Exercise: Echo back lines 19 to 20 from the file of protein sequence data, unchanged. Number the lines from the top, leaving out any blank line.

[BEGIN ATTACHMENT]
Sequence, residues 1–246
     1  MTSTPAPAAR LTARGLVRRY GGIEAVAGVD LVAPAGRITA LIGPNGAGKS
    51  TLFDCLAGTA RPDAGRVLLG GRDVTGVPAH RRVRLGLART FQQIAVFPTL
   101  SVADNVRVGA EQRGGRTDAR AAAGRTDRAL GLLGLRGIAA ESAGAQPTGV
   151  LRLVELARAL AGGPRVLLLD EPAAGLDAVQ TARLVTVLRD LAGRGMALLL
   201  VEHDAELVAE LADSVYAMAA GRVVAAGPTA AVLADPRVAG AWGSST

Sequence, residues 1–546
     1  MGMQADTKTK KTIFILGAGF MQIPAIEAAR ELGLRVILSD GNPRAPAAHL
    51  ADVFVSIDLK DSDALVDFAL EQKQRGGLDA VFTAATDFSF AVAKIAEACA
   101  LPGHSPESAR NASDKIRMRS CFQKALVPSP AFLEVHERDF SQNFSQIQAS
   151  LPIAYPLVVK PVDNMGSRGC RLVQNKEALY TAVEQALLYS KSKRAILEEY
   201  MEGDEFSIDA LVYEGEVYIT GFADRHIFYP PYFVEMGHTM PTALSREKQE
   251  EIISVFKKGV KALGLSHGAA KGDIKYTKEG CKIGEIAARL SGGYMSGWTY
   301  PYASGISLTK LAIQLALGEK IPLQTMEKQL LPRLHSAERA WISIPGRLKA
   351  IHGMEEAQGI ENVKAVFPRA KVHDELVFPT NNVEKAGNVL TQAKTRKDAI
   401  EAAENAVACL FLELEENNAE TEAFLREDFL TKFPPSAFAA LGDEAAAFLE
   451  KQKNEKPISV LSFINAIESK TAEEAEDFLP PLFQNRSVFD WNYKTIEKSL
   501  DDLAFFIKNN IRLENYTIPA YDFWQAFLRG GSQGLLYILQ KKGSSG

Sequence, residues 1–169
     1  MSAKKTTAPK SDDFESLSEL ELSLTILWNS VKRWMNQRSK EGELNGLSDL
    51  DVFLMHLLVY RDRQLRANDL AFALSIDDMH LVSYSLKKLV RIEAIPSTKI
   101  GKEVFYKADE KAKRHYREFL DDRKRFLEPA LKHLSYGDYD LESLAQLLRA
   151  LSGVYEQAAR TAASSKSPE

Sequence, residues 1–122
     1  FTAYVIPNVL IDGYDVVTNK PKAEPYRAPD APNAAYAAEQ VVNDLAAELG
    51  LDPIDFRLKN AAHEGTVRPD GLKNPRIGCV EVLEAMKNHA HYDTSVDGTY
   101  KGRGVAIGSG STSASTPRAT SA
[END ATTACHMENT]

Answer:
Sequence, residues 1–169
     1  MSAKKTTAPK SDDFESLSEL ELSLTILWNS VKRWMNQRSK EGELNGLSDL